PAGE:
Although I haven't parsed out the financials, I see a technology fit between the services SBC would like to offer, and AT&T's existing structure for making those services possible.
In November 2004, SBC announced that in the first quarter of this year, it would begin construction on Project Lightspeed. The company defines the goal of Project Lightspeed as "an advanced, IP-based (Internet Protocol) network capable of delivering a rich array of integrated next-generation television, data and voice services substantially beyond what is available from today's telephone, cable or satellite TV providers."
As far as VoIP is concerned, a bulked-up SBC, strengthened by the acquisition of AT&Ts existing telecommunications infrastructure, would be in a great place to offer VoIP and other services to its more than 50 million existing local-line customers.
Now let us look at the whole matter of infrastructure.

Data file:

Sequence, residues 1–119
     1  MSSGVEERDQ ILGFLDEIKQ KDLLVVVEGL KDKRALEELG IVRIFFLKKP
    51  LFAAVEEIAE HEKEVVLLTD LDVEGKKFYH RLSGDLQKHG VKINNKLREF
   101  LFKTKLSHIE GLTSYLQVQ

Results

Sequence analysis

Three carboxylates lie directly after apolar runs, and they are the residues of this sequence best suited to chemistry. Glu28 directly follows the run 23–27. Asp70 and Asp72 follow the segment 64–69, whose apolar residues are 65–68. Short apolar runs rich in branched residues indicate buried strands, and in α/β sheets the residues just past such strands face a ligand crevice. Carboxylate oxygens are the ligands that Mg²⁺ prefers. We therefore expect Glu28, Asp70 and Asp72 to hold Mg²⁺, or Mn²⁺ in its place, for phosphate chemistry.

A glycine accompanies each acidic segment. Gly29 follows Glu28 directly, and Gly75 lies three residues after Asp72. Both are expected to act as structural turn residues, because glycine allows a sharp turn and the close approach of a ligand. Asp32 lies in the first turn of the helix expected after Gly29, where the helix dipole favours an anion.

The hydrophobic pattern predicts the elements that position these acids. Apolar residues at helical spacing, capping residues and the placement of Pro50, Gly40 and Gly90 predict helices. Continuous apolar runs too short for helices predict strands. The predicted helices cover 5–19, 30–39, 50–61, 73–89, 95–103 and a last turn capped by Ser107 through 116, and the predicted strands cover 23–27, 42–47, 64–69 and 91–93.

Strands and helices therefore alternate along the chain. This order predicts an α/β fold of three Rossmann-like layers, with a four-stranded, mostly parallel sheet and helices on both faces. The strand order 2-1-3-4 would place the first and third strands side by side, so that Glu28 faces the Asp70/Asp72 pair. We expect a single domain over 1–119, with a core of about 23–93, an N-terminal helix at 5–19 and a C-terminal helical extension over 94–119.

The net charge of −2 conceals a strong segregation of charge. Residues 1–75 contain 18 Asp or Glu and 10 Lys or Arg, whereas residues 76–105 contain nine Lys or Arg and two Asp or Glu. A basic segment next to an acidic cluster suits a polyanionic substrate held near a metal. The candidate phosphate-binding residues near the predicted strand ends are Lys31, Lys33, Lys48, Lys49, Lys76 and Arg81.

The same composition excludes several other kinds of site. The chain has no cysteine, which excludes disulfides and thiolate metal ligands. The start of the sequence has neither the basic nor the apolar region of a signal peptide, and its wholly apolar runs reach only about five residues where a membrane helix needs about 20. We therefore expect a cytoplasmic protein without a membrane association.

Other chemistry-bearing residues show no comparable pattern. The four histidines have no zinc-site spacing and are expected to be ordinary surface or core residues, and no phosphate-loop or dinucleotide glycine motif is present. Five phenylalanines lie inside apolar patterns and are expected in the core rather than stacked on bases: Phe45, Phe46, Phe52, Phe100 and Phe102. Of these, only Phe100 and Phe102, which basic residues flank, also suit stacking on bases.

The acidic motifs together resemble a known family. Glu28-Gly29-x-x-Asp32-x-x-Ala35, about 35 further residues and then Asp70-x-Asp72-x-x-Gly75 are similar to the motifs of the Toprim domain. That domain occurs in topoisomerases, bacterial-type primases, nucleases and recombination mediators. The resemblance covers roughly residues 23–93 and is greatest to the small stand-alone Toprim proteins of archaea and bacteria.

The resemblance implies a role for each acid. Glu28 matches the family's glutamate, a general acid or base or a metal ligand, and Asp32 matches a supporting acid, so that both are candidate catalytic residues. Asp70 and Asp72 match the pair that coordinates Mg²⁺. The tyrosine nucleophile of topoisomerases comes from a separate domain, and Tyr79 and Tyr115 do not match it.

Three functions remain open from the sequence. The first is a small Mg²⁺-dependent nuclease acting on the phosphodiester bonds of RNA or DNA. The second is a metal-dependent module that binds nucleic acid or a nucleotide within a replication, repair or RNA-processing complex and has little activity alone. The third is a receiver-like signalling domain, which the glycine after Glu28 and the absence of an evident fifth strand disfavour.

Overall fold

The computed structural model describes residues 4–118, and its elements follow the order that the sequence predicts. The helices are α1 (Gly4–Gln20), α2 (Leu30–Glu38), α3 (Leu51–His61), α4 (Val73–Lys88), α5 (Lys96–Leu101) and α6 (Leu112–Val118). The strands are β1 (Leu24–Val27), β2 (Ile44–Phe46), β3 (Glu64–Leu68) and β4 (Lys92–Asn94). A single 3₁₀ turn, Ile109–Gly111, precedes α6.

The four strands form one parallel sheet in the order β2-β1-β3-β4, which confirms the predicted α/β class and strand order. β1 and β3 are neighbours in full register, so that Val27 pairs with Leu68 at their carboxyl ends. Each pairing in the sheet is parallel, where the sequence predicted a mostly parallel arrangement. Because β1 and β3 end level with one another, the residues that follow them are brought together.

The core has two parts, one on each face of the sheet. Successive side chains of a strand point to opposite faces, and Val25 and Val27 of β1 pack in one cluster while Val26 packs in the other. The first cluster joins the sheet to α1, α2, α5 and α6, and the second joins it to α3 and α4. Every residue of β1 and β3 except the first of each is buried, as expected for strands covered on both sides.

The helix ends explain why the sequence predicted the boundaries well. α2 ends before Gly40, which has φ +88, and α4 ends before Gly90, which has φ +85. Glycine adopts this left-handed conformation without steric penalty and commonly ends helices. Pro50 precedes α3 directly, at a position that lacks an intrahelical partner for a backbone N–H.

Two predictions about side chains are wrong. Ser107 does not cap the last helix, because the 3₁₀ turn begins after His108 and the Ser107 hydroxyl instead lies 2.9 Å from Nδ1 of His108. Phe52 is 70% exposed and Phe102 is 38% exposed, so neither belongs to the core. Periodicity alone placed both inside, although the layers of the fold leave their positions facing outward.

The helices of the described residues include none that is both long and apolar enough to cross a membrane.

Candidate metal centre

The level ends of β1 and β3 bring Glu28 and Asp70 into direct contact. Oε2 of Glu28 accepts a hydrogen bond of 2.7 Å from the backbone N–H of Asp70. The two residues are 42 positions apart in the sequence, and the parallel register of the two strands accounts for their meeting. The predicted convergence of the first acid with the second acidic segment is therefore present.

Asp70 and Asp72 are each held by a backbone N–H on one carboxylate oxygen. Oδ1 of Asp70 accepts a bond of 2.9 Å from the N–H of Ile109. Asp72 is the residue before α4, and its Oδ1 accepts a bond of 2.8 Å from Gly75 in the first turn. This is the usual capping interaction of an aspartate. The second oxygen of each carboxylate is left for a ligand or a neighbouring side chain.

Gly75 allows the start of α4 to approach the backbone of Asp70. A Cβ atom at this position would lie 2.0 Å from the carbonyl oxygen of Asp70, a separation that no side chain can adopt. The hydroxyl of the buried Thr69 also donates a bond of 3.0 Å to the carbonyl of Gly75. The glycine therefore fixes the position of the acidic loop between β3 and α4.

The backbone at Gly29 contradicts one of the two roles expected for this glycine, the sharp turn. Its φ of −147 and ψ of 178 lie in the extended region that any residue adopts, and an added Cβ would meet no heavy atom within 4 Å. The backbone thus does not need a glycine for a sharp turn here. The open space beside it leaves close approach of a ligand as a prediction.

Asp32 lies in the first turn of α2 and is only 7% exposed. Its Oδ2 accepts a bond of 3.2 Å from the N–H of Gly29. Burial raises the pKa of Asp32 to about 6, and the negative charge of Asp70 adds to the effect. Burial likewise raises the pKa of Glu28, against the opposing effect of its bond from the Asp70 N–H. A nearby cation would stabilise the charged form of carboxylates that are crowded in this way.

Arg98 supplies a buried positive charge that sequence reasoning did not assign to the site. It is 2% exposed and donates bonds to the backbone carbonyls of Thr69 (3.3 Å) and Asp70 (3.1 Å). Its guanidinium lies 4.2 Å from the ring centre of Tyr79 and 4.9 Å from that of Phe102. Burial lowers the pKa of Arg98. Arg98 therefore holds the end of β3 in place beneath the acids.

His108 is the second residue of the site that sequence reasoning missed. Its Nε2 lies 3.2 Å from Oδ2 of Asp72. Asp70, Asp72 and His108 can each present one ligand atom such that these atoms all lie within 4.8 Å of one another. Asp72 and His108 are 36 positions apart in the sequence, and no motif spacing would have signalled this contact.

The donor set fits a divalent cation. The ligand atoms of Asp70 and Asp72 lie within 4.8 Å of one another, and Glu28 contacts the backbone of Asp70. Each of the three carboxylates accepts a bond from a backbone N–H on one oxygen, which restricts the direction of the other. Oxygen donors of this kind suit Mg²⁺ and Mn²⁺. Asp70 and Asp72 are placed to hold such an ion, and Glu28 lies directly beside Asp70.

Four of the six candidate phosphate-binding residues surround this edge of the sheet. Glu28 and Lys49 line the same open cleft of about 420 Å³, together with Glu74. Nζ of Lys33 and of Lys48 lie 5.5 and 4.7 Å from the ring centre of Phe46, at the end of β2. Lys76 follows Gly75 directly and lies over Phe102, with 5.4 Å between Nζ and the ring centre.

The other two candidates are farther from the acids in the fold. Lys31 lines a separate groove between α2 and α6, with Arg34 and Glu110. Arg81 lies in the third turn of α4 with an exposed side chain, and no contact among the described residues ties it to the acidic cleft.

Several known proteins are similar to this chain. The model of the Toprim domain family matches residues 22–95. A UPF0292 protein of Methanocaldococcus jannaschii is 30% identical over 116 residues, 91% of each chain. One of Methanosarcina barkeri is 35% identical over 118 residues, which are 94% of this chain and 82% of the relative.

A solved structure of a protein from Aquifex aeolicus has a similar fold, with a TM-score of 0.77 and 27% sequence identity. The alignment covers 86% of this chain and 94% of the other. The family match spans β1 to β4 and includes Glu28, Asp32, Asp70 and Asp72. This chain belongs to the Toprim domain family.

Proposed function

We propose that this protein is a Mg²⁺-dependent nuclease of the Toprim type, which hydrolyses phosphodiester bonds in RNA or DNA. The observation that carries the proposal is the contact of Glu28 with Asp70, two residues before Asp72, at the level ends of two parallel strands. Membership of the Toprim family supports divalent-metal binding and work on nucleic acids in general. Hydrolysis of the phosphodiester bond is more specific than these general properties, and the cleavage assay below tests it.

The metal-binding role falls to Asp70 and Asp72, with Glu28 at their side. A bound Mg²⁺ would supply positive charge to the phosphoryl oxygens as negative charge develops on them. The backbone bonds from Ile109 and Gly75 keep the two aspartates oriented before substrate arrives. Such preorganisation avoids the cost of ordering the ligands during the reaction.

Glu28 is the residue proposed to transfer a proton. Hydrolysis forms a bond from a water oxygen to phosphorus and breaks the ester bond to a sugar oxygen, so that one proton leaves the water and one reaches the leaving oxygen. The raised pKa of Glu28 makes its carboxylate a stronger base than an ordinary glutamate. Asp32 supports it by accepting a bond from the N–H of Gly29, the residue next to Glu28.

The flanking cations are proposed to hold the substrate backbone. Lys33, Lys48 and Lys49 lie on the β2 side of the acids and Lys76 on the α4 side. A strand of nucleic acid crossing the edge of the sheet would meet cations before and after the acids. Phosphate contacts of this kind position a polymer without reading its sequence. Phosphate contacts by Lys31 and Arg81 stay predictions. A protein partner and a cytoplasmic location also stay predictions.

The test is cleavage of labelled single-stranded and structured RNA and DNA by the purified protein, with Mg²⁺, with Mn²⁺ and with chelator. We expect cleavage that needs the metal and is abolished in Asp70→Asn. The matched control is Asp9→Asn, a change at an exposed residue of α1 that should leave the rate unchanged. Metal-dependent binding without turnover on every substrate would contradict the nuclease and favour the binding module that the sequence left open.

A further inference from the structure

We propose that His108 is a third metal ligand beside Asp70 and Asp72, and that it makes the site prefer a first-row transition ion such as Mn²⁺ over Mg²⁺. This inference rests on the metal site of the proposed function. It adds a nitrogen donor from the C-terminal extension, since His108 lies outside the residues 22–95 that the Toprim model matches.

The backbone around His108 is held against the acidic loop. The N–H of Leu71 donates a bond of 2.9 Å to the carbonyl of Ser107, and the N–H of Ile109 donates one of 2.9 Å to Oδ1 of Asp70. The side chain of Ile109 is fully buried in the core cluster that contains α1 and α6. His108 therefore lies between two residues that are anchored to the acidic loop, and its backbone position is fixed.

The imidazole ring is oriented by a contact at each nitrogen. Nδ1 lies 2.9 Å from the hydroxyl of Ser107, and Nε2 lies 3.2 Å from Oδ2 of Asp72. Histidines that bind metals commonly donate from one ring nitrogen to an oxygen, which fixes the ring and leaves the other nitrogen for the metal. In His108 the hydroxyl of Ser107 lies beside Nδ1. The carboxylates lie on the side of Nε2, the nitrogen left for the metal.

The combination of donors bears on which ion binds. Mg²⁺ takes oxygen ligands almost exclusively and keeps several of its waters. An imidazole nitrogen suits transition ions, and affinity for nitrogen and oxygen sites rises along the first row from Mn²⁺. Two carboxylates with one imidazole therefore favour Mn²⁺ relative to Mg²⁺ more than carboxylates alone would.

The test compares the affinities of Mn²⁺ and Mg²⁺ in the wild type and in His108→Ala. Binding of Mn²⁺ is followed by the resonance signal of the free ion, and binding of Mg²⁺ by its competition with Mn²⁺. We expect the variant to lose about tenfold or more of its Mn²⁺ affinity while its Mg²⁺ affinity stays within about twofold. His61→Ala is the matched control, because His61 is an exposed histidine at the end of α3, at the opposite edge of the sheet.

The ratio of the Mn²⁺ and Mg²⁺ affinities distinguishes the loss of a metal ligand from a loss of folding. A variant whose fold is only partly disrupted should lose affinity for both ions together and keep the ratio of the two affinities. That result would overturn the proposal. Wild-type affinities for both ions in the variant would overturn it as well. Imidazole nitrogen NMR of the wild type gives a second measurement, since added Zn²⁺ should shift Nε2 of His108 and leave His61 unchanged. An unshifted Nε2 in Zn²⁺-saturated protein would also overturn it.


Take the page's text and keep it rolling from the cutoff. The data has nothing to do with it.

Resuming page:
SBC estimates the cost of fiber-based Project Lightspeed at around $4 billion.
AT&T, as the Times article points out, already "has the largest international fiber network." And, as we point out, AT&T already has the infrastructure in place to deliver a range of VoIP services for homes and businesses.
AT&T is at a disadvantage in PSTN long-distance, because they are losing customers to cellular providers such as Cingular. AT&T spun off their cellular operations years ago as AT&T Wireless. Now, ironically, AT&T Wireless has been acquired by Cingular, which SBC is part owner of.
The bottom line then, is I see a technology fit between:
SBC's services goals and its looming capital expenditures, necessary to achieve those goals, and;
AT&T's existing and impressive technology infrastructure, and its need to maximize that infrastructure as a hedge against its competitive weaknesses.
Agree with my assessment? Post a TalkBack.